MILWAUKEE -- One by one, the Philadelphia 76ers filtered out of the visitors' locker room at Fiserv Forum in Milwaukee.
Philadelphia had just lost their fourth straight game, a 112-101 decision to the Milwaukee Bucks, dropping the Sixers' road record to 9-19 on the season.
As is the case with the NBA, the Sixers had little time to dwell on their latest defeat, as they would be back on court in fewer than 24 hours to meet the Memphis Grizzlies.
On what was a difficult night, Simmons found a positive tone when ESPN asked him about Thybulle, whose defensive exploits have already gained positive traction around the league.
"He's going to be great," Simmons quickly responded.
"Defensively he's got to fix a couple of things mentally in games, but he's gifted. He's long, he's able to read certain players the right way, he's one of our best defenders."
Describing a rookie as one of the team's best defenders on a roster that consists of Simmons, Joel Embiid, Josh Richardson and Al Horford may seem like hyperbole, but the numbers speak for themselves, with Thybulle's disruptiveness on that end there for all to see.
The 6-foot-5, 22-year-old with an impressive 7-foot wingspan ranks 15th in the league for steals per game (1.5), despite only seeing 20.2 minutes per game -- only one player in the top 50 plays fewer minutes per night.
Thybulle also ranks in the top-30 for deflections per game (2.6), while Simmons sits third (3.9), as the duo already present one of the more terrifying perimeter defensive tandems in the league.
"The mission is to try and mould him into being a playoff player, a rotation player, someone that you can count on. I think lately he's becoming more reliable," Philadelphia head coach, Brett Brown said of Thybulle postgame.
"He's incredibly good people, he's prideful and I think his polish is incrementally growing. He's starting to understand the nature of the league and knowledge of personal, you really have to know your opponent."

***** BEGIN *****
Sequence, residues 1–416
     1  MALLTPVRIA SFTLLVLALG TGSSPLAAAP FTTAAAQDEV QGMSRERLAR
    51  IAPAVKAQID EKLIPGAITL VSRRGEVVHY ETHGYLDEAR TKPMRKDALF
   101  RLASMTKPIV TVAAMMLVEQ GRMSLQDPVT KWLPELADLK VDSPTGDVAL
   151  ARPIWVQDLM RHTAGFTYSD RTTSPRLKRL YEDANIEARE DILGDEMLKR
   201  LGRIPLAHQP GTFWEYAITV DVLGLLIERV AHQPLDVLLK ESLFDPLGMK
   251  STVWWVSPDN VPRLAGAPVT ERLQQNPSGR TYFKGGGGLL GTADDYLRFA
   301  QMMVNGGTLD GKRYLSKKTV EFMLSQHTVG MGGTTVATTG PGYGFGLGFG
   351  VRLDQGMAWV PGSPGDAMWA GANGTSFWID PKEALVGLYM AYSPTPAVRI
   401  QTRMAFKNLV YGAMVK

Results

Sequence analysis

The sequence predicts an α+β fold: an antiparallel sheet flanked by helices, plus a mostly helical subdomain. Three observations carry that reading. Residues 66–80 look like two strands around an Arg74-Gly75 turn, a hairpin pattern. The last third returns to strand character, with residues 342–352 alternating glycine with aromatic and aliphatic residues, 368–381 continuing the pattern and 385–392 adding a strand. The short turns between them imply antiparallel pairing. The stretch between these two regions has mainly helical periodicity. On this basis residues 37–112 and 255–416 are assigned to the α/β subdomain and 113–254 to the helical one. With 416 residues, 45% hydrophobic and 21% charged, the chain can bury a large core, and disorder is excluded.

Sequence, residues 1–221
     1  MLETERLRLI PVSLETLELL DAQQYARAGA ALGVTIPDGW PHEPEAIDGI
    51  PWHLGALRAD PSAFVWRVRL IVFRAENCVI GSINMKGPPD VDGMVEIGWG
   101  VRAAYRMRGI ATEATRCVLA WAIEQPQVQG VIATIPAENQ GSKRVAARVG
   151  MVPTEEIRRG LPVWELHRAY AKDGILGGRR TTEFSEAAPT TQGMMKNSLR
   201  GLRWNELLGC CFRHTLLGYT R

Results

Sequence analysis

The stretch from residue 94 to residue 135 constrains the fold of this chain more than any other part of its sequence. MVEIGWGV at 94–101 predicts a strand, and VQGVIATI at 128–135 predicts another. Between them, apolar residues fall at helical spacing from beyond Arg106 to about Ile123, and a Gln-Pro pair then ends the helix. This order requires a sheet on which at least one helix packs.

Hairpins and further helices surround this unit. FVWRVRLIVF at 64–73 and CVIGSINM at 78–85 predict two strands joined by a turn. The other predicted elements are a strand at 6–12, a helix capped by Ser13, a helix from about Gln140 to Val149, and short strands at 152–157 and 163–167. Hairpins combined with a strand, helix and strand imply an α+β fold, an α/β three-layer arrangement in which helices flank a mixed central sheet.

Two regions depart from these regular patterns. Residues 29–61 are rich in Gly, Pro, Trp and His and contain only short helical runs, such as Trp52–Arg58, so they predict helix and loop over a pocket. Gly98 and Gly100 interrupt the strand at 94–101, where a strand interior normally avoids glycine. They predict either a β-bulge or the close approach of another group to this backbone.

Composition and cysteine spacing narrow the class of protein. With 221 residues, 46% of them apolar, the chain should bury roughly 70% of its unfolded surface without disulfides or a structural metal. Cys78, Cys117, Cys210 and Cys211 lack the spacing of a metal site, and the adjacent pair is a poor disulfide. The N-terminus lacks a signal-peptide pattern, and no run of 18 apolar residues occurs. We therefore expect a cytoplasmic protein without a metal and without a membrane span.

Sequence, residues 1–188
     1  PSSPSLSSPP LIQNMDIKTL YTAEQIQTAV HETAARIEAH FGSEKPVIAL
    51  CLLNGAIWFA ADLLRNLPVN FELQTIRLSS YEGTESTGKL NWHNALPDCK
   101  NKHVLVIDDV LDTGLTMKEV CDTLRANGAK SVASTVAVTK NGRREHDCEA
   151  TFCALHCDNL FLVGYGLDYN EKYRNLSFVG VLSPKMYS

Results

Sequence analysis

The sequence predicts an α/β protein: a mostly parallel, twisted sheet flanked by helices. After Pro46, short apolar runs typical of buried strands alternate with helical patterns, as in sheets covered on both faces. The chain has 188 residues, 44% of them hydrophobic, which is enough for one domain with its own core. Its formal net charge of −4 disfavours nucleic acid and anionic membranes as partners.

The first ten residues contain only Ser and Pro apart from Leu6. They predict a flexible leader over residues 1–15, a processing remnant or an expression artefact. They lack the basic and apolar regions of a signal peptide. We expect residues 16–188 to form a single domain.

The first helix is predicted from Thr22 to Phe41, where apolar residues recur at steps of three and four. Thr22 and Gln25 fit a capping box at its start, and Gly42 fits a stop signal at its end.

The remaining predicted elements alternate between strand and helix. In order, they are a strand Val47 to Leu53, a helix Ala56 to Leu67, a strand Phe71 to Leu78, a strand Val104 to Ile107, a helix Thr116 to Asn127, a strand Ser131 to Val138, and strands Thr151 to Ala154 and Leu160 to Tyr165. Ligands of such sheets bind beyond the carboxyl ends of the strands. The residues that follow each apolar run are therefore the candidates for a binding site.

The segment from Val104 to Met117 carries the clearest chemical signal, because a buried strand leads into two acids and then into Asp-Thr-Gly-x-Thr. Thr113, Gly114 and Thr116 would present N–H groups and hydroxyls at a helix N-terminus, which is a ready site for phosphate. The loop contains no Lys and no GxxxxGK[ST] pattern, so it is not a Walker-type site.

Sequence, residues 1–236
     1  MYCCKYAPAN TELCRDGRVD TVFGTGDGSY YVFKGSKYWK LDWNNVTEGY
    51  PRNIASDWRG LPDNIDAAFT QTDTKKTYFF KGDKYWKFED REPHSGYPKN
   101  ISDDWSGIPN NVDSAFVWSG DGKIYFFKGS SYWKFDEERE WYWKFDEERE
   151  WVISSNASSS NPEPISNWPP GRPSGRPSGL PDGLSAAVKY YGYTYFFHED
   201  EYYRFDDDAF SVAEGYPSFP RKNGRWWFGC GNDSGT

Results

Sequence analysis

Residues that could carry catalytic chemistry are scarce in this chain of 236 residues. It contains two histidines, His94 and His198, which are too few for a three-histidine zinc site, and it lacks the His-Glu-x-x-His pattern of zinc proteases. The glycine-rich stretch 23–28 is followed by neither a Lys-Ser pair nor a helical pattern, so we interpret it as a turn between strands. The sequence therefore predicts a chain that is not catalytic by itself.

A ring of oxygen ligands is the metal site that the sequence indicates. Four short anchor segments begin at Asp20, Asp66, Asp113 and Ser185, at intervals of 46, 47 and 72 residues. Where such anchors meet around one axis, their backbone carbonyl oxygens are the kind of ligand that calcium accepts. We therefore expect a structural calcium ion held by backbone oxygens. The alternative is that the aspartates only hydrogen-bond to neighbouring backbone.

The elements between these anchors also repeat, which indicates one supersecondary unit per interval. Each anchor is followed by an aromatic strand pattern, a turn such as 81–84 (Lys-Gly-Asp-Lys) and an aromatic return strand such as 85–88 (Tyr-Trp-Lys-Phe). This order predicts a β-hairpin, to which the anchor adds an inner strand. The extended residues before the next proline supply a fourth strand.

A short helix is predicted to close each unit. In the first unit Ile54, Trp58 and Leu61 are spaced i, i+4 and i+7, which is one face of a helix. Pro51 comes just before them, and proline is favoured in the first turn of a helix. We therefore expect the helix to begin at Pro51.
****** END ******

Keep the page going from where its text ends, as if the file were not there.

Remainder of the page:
While the NBA postseason will be the immediate focus for the trio of Brown, Simmons and Thybulle, the 2020 Olympics in Tokyo may also be on their agenda, with the recent news that the Philadelphia rookie is indeed an Australian citizen and eligible to play for the Boomers.
"They've been pretty good because we have such a big task at hand with this season that it's hard to look beyond that," Thybulle responded when asked whether Brown and Simmons are bringing up the prospect of playing in the green and gold.
"I mean, it's all in the back of our minds and I know we are excited to have a conversation once we are able to but right now, we are focused on taking care of this season."
Thybulle moved to Australia with his family when he was two years old, living in the Sydney area for several years and gaining citizenship during that time.
"I think the opportunity to play in the Olympics itself is an honour. To represent something bigger than yourself, like your country and whatever that country might stand for is something that is a huge opportunity," Thybulle continued.
"For myself, I can't say I've put too much thought into which one I'd like to go to, which [opportunity] I'd like to take, but I think this season is going to be a good opportunity to showcase myself and figure out what opportunities I have at the end of the season."
While stopping short of declaring his intent to play for the Boomers in Tokyo, at this point, the likelihood of Thybulle being selected to a Team USA squad likely to be made up of household names looking to avenge their World Cup performance is slim to say the least.
With the Boomers sights set firmly on their first medal in a major tournament, adding another elite defensive NBA player is a mouth-watering prospect for Australian basketball fans.